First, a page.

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Re: Draft Language on Interaction with Third-Party Content

From: Rigo Wenning <rigo@w3.org>
Date: Fri, 28 Oct 2011 13:01:08 +0200
To: public-tracking@w3.org
Cc: David Singer <singer@apple.com>
Message-ID: <2422427.1v1BX64W35@longtarin>
David, Bjoern, 

as soon as you leave the http-request context (or the dom-context, or cookie 
context as suggested by Bjoern), "this" request acquires an unbound meaning. 
Once the step beyond the current http request is made, we automatically fall 
back into all the caching and scoping discussions of the P3P Policy reference 
file and the P3P 1.1 discussions (let by Matthias in 2003 BTW) on how to 
determine who is a related party to whom and what their legal relation is so 
that they follow the same practice. And everybody will find tricks and twists 
to become a first party if the first party is privileged. At the end of the 
day we will have definitions with a lot of first parties, a lot more related 
parties that are to be treated like first parties and some diabolic third 
party who's definition is met only by the evil hacker from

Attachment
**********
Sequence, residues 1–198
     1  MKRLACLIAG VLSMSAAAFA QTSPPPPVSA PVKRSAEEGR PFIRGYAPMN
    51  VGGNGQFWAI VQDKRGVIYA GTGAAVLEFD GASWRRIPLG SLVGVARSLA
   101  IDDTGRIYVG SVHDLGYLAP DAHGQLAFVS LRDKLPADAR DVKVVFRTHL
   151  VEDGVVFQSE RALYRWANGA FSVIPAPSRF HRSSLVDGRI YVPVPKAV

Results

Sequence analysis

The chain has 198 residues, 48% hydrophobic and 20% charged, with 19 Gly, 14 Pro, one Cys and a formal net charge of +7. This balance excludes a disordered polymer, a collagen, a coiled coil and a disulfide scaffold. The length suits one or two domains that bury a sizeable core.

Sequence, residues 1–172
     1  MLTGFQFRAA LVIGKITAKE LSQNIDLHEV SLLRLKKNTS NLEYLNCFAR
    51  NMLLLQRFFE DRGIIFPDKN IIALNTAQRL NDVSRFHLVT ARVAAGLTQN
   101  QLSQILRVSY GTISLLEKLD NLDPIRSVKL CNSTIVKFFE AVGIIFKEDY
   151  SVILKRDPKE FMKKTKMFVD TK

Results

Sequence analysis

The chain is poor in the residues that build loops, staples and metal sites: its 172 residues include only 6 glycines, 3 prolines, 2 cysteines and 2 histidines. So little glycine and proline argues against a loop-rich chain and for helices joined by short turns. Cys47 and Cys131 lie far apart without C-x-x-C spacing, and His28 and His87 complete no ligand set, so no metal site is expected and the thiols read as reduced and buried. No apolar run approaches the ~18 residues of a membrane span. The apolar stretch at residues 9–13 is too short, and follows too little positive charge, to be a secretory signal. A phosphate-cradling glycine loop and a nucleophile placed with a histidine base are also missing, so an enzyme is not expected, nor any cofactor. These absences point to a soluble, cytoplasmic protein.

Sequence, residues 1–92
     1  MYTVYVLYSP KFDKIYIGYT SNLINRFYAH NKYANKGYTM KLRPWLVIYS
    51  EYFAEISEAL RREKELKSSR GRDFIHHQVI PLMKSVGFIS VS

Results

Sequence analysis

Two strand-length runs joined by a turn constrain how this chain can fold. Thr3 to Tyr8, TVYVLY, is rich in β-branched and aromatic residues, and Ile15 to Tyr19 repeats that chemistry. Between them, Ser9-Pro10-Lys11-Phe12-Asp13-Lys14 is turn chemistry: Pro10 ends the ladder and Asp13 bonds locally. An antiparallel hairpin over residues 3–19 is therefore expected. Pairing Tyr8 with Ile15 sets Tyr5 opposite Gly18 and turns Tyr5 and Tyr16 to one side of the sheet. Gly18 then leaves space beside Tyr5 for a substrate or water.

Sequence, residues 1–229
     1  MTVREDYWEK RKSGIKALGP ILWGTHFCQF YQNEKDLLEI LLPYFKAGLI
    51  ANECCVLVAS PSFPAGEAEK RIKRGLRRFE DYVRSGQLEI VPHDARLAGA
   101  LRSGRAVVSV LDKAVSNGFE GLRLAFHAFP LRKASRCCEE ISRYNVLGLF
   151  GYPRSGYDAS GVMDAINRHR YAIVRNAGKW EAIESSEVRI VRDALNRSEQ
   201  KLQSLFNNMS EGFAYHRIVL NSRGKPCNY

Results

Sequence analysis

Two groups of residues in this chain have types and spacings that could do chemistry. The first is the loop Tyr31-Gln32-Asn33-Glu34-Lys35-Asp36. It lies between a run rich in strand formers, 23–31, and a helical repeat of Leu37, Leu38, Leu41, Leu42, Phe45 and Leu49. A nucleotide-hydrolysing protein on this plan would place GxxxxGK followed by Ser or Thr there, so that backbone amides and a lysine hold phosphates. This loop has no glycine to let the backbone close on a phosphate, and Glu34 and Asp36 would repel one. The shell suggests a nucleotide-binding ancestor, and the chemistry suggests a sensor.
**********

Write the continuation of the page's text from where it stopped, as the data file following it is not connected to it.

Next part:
The underlying political question is: 
Do we want to distinguish between first party and third party data traffic to 
discriminate against hit-counters, third party trackers and ad networks? If 
yes, we need some distinction. Note well that the third party only gets a 
request because the first party has included some code into a page under their 
control. (What if the first party collects and outsources the analysis?)

Another possibility is to say: tracking is tracking, whatever site it comes 
from. So if DNT=1 neither third nor first parties should track (and tracking 
to be defined here). 



On Thursday 27 October 2011 16:54:03 David Singer wrote:
> The more I think about how to distinguish 3rd and 1st parties, the more of a
> nightmare it is.
Received on Friday, 28 October 2011 11:01:29 UTC

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